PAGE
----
America and Dewey’s temperament indelibly would mold the narrative he would write – and edit and polish – for himself in which he always played the same role: ‘The loner, compassionate yet detached, who rides to the rescue in Reel 3.’
Dewey didn’t create his personal narrative to put one over on anyone. On the contrary, with its creation, he was forming a template for his life. He wanted to be seen – he wanted to truly be – an estimable individual who made his way through life as a positive force in our world, a man people would admire for all the right reasons.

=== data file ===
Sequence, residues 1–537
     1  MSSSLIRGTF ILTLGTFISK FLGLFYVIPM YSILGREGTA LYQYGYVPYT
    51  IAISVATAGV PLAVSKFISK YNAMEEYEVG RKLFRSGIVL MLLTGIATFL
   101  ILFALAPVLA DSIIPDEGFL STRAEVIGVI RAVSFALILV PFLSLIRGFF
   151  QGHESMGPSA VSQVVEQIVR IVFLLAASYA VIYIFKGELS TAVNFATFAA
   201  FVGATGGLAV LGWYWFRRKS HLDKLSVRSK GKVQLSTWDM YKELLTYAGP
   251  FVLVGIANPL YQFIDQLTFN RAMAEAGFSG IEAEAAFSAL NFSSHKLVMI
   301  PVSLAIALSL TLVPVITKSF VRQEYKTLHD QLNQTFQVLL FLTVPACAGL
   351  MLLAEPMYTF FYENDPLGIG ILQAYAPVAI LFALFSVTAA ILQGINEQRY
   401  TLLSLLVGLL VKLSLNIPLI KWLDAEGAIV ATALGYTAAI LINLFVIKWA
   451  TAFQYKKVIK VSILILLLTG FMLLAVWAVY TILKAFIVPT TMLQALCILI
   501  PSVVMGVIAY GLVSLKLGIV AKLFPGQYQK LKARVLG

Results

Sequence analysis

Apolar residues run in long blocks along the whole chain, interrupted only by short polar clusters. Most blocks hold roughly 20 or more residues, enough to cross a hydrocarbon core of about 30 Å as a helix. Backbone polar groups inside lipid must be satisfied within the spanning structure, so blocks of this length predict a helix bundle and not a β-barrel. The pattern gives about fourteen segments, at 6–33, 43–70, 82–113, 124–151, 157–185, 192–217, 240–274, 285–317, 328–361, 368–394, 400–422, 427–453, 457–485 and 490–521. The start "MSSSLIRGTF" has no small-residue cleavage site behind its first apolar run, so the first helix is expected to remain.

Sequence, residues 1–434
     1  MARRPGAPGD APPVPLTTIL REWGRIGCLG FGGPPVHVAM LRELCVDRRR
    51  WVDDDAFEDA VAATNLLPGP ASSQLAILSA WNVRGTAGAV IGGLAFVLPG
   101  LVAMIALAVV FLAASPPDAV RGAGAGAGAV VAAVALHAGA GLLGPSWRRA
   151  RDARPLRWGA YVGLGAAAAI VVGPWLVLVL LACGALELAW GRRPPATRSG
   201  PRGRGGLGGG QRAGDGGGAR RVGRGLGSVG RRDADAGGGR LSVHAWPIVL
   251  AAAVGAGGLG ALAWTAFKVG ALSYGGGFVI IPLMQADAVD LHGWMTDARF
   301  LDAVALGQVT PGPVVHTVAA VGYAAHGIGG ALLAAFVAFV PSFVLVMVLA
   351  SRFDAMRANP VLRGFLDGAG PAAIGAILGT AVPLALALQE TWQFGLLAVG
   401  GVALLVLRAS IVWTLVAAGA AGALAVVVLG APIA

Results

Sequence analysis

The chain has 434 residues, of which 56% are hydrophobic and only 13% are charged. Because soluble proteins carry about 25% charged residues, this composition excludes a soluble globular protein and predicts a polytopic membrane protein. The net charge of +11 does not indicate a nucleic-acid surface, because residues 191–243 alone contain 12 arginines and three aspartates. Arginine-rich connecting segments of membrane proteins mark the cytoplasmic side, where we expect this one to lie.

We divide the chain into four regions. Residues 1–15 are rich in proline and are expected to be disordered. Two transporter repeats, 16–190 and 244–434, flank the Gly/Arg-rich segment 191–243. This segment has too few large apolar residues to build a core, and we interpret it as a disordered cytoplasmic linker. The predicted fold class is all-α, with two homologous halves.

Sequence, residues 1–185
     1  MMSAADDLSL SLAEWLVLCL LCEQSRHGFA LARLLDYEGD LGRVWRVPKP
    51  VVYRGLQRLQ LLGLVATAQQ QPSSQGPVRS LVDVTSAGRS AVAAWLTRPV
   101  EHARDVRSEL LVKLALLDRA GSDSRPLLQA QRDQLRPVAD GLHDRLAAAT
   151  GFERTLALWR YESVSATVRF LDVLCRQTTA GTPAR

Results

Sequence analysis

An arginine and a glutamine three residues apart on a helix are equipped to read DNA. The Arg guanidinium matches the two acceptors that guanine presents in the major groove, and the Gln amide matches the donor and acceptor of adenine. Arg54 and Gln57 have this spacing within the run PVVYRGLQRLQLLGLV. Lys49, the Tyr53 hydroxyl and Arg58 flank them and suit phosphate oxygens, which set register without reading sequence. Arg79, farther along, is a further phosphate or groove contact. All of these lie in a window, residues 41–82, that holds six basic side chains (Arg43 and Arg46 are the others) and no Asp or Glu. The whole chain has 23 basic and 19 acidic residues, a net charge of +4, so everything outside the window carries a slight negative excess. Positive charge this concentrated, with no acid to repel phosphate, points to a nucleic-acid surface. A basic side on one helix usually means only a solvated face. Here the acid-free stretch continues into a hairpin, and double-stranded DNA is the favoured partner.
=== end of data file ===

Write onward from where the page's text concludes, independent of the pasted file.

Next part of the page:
Keeping the primary themes of that story intact and inviolate was not a future genius’ political, brilliant act of willpower or spin, but an endeavor of existential import for a young man aging in fast-forward, grappling with the depredations of an intrusive, ambiguous, and contradictory world.”